State utility Vietnam Electricity could post an estimated 11.7 trillion dong ($562 million) loss this year while losses at Petrolimex, the country's top fuel distributor, could reach 1.2 trillion dong, Vietnam Economic Times newspaper said on Friday, raising concerns about the health of Vietnam's state sector.

Vuong Thai Dung, deputy chief executive officer of Petrolimex declined to comment on the estimated losses.

State shipbuilder Vinashin, rescued from bankruptcy last year, is expected to have losses of more than 3 trillion dong, the newspaper said in an online report, citing estimates by the chapter of the ruling Communist Party that oversees government-controlled businesses.

The expected losses could add fuel to a debate over the future of state enterprise reform after the near bankruptcy of Vinashin last year, and it comes at a time the economy has been struggling with high inflation.

The report said operations of most state-controlled businesses faced difficulties due to shortages of funding for major projects, leading to delays.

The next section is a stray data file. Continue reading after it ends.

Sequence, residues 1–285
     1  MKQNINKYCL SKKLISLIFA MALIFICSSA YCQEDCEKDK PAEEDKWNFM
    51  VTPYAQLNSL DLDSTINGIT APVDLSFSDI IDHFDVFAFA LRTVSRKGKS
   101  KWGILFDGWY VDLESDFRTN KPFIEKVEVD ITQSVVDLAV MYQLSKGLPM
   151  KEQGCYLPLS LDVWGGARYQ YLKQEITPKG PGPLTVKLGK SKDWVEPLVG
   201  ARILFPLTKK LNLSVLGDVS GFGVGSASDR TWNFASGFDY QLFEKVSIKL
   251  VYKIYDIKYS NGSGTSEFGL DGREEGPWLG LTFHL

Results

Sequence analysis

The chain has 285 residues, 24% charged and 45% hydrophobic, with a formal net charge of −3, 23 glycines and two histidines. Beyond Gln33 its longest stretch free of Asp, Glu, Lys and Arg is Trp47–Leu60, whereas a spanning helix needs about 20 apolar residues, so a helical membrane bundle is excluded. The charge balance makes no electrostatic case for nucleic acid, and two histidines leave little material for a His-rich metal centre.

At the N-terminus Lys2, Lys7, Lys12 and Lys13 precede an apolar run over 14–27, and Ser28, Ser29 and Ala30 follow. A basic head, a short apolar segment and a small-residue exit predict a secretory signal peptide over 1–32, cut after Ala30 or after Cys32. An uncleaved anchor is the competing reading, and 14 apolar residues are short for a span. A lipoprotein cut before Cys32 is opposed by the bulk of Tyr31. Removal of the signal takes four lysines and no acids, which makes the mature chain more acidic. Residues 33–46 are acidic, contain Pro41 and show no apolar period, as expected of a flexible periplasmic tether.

"Several firms could default, easily falling into crisis unless there are timely supporting measures", the report said, without naming any specific companies.

The electricity group, known as EVN, and Vinashin have been grappling with losses and heavy debt loads, with EVN having recording a loss of 23.7 trillion dong last year, the newspaper said.

Petrolimex, which came out with its initial public offering in July, reported losses of 1.45 trillion dong in the first seven months of the year, the online report said.

Petrolimex imports 55 percent of the oil products that Vietnam purchases abroad and has a 55 percent share of the domestic oil products market.

EVN is facing fund shortages of 277.2 trillion dong ($13.3 billion), or more than half of its demand for investment from now to 2015, which has prompted the group to propose the government to raise electricity prices this month, state-run Tuoi Tre newspaper said in a separate report on Friday.

However, electricity prices might not be increased at the moment because of the government's efforts to contain inflation, Tuoi Tre quoted Do Manh Tuan, deputy head of the government office's Industry Economy Department, as saying.

Reuters - September 12, 2011